NEW YORK • On this week's music charts, What A Time To Be Alive, a new mix tape by star rappers Drake and Future, opened at No. 1 by a wide margin, it was announced on Monday - a victory for Apple, which had an exclusive deal to release the album first.
The tape, announced by Drake on Instagram on Sept 19 and released the next day, sold 334,000 albums and 172,000 songs, according to Nielsen. Songs from the album were streamed 40.3 million times around the world in its first week, including 35.1 million times in the United States, according to Apple.
The album's success is also the latest example of the extraordinary popularity of hip-hop on streaming music services. Throughout this year, on outlets such as Spotify, Rhapsody and Apple Music, releases by hip-hop and rhythm-and-blues acts including Drake, Kendrick Lamar, A$AP Rocky and The Weeknd have consistently posted far higher numbers than those in other genres.
Those results reflect a banner year for hip-hop and R&B music, with a crop of acclaimed albums and a generation of influential stars. But music executives say they are also an indication of the way that listeners consume music these days, with hip-hop's younger, mobile-connected audience leading a shift away from downloads.
Earlier this year, Drake's If You're Reading This It's Too Late was streamed 48 million times in one week, according to Nielsen.
Lamar's To Pimp A Butterfly opened with 38 million and The Weeknd's Beauty Behind The Madness started with 57 million one week and 52 million the next.
By comparison, the best week for a rock act this year was Mumford & Sons' Wilder Mind, with 15.4 million in May. Back in 2012, Mumford & Sons set an early record on Spotify when their album Babel opened with eight million streams in the US.
Unlike downloads or CD sales, which are both slowing, streaming services show how many times fans actually listen to the songs they select. For the first eight months of the year, hip-hop and R&B songs - which are often connected on so-called urban radio formats, and tracked together by data services - represented 17 per cent of album sales, but 26 per cent of all streams, according to Nielsen.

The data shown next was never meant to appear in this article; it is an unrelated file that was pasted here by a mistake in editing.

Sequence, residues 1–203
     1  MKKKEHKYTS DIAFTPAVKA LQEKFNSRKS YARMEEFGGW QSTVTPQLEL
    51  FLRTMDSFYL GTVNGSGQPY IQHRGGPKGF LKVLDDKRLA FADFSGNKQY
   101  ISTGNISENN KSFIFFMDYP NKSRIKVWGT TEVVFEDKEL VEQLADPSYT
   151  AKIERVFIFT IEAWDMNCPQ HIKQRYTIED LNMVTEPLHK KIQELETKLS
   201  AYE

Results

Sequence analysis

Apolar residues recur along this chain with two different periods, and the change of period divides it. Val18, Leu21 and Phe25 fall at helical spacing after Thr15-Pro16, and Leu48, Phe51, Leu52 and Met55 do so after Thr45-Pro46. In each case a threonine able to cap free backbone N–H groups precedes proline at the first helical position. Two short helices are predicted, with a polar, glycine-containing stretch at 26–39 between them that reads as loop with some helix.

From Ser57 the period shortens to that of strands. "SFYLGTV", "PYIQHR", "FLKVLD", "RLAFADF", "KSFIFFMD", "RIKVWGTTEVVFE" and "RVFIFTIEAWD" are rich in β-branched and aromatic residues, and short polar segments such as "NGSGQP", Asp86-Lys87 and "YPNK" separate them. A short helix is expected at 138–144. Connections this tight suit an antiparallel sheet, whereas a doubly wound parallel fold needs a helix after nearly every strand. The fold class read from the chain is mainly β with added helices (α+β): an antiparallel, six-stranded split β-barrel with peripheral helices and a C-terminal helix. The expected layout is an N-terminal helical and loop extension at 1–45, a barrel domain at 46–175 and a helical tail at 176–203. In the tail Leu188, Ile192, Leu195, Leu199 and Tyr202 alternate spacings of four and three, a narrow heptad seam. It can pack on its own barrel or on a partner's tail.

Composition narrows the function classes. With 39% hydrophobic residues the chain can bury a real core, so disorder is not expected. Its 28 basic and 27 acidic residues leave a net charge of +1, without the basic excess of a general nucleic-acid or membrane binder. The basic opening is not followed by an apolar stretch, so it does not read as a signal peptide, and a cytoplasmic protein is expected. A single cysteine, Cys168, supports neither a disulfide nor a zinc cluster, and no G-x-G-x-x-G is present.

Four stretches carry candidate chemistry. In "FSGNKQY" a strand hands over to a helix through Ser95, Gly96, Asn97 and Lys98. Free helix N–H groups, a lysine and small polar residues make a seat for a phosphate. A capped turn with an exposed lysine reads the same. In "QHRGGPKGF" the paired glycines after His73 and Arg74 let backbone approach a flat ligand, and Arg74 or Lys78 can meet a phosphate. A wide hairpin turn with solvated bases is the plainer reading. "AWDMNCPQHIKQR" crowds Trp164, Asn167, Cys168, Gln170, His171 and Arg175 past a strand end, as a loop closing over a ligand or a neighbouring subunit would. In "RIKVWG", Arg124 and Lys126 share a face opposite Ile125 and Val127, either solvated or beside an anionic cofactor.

On Spotify, hip-hop's share of the top 500 artists is up 16 per cent from last year, and 24 per cent since 2012, according to that service. On Pandora, the leading Internet radio service, four of the top five acts with the most "station adds" - the number of times listeners choose the names of the artists, or their songs, for listening - are hip-hop and urban. The only other top act is Taylor Swift, according to Next Big Sound, a data tracking service owned by Pandora.
Overall, the number of songs listened to on streaming services such as Spotify, Rhapsody and Apple Music, where users choose the songs they listen to, doubled in the first eight months of this year compared with the same period last year, according to Nielsen, while song downloads were down 10 per cent and album downloads were flat.
NEW YORK TIMES, REUTERS